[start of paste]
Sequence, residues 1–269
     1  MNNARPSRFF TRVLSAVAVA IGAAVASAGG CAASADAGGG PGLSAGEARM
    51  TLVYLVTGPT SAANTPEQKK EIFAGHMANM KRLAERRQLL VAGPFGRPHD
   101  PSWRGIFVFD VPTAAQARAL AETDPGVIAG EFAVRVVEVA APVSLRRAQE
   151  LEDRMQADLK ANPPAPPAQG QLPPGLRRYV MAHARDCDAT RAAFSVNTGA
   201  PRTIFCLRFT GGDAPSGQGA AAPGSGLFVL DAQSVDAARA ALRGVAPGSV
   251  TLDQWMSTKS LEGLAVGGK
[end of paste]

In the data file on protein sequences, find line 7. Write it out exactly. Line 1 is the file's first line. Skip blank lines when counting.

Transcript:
   251  TLDQWMSTKS LEGLAVGGK